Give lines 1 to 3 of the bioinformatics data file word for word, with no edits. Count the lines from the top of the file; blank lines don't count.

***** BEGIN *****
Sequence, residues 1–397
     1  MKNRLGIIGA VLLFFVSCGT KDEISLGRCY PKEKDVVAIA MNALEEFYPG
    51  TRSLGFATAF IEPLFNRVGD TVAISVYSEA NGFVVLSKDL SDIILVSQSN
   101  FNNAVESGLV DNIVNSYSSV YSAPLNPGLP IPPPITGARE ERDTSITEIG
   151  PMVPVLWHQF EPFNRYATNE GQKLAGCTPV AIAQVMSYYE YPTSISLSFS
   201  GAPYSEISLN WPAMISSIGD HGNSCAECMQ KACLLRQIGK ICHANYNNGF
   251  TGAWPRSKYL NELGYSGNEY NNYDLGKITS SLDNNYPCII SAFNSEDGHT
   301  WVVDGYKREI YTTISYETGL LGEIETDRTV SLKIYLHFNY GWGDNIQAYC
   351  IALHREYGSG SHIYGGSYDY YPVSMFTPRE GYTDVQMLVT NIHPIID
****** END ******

Sequence, residues 1–397
     1  MKNRLGIIGA VLLFFVSCGT KDEISLGRCY PKEKDVVAIA MNALEEFYPG
    51  TRSLGFATAF IEPLFNRVGD TVAISVYSEA NGFVVLSKDL SDIILVSQSN